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This article is taken from PN Review 1, Volume 4 Number 1, October - December 1977.

In the Distance Clive Wilmer

ONE SHOULD not, I suppose, be at all surprised that Dick Davis and his first book, In the Distance, have met with such resolute indifference from the literary establishment. For one thing, at first sight, this sparse little book could hardly be said to contain an embarrassment of riches: out of some fifty-odd poems, twelve are just four lines long and many of the others are only a line or two longer. Then, on closer inspection, the poetry turns out to be about as unfashionable as one could imagine. Mr Davis is indifferent to most of the orthodox requirements of 'modern' poetry: the speaking voice, dramatic tension, concreteness of vocabulary, avoidance of the conventional epithet, 'organic' form. Instead, form is a matter of disciplined artifice; and all things 'localized' are set at nothing. Indeed, one of his main themes is the desire to reach beyond the clutter of detail that makes up our quotidian existence. He is concerned above all with essences-which particulars tend to obscure - and, in consequence, the poetry puts its trust in artifice and abstraction. This is not to say that he fails to see the possible limitations of such a position. In his longest poem, 'North-west Passage', the vision of the mariners extends so far that it fails to take in the contingencies that finally destroy them:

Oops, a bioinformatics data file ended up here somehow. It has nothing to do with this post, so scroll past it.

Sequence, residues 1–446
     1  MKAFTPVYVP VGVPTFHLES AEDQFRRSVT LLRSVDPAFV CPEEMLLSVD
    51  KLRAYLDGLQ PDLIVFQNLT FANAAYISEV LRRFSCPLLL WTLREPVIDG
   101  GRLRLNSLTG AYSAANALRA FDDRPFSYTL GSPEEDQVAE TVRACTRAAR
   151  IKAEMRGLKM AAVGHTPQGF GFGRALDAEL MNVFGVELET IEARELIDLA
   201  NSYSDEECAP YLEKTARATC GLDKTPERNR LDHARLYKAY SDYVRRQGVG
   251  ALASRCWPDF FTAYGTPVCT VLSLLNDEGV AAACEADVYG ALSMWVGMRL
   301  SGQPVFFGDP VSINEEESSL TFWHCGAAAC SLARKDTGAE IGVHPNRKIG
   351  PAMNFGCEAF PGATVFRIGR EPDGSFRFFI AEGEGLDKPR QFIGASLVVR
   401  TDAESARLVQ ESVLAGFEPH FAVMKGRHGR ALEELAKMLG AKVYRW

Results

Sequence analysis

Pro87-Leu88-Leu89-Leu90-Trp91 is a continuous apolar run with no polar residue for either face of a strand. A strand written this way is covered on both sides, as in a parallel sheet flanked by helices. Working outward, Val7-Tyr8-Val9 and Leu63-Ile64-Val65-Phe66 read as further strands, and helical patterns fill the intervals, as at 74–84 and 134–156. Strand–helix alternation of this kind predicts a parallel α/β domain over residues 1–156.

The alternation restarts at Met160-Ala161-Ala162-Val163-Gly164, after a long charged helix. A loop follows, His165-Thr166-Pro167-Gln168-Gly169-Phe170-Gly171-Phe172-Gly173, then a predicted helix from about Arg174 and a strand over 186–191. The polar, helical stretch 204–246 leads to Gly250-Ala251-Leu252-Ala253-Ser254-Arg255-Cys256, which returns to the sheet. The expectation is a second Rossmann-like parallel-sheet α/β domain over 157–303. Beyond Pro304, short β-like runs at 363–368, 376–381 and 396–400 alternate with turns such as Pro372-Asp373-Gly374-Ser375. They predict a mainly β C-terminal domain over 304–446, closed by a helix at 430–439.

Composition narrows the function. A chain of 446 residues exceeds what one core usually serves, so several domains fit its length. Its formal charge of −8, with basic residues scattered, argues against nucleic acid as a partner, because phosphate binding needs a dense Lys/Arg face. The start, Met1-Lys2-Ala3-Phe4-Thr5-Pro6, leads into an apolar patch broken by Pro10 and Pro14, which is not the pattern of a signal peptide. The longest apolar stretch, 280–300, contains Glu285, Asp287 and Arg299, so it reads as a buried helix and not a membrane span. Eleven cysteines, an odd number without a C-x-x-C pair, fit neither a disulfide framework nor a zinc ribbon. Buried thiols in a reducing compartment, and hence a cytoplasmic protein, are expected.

And waves disperse their dreams of gold
Who had not thought the world could be
So small, so comfortless, so cold. ...


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